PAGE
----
A key to this is that, faced with the constraints of extreme poverty and a severe shortage of resources, these Indian hospitals have had to operate more nimbly and creatively to serve the vast number of poor people in need of medical care in the subcontinent. And because Indians on average bear 60% to 70% of health care costs out of pocket, they must deliver value. Consequently, value-based competition is not a pipe dream but a reality in India.

Three major practices have allowed these Indian hospitals to cut costs while still improving their quality of care.

A Hub-and-Spoke Design

In order to reach the masses of people in need of care, Indian hospitals create hubs in major metro areas and open smaller clinics in more rural areas which feed patients to the main hospital, similar to the way that regional air routes feed passengers into major airline hubs.

This tightly coordinated web cuts costs by concentrating the most expensive equipment and expertise in the hub, rather than duplicating it in every village. It also creates specialists at the hubs who, while performing high volumes of focused procedures, develop the skills that will improve quality. By contrast, hospitals in the U.S. are spread out and uncoordinated, duplicating care in many places without high enough volume in any of them to provide the critical mass to make the procedures affordable. Similarly, an MRI machine might be used four to five times a day in the U.S. but 15 to 20 times a day in the Indian hospitals. As one CEO told us, “We have to make the equipment sweat!”

U.S. hospitals have been developing similar structures, but there are still too many hubs and not enough spokes. Moreover, when hospitals consolidate, the motive often is to increase market power vis-à-vis insurance companies, rather than to lower costs by creating a hub-and-spoke structure.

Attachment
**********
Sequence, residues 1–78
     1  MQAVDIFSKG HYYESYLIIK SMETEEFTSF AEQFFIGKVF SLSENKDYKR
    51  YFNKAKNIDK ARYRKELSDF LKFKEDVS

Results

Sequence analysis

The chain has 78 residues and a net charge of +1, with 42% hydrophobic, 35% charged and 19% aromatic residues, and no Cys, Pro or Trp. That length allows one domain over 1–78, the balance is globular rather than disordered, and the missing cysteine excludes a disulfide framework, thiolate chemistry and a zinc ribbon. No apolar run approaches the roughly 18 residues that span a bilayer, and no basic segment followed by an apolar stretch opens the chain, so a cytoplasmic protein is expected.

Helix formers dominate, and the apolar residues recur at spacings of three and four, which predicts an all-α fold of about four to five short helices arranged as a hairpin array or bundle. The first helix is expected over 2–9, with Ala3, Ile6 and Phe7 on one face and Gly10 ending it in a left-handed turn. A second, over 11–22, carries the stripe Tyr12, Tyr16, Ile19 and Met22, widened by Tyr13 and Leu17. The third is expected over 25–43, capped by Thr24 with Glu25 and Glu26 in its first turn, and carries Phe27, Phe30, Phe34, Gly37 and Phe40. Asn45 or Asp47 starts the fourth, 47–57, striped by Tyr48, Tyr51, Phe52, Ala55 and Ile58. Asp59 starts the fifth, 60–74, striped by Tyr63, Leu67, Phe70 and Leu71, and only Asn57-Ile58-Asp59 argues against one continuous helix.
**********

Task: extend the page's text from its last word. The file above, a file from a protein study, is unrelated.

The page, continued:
Task Shifting

The Indian hospitals transfer responsibility for routine tasks to lower-skilled workers, leaving expert doctors to handle only the most complicated procedures. Again, necessity is the mother of invention; since India is dealing with a chronic shortage of highly skilled doctors, hospitals have had to maximize the duties they perform. By focusing only on the most technical part of an operation, doctors at these hospitals have become incredibly productive — for example, performing up to five or six surgeries per hour instead of the one to two surgeries common in the U.S.

This innovation has also reduced costs. After shifting tasks from doctors to nurse practitioners and nurses, several hospitals have even created a lower tier of paramedic workers with two years’ training after high school to perform the most routine medical jobs. In one hospital, these workers comprise more than half of the workforce. Compare that to the U.S. system, where the first cost-cutting move is often to lay off support staff, shifting more mundane tasks such as billing and transcription onto doctors overqualified for those duties — precisely the wrong kind of task shifting.

Good, Old-Fashioned Frugality

There is a lot of waste in U.S. hospitals. You walk into a hospital in the U.S., and it looks like a five-star resort; half of the building has no relation to medical outcomes, and doctors are blissfully unaware of costs. By contrast, Indian hospitals are fanatical about wisely shepherding resources — for example, sterilizing and safely reusing many surgical products that are routinely discarded in the states after a single use. They have also developed local devices such as stents or intraocular lenses that cost one-tenth the price of imported devices.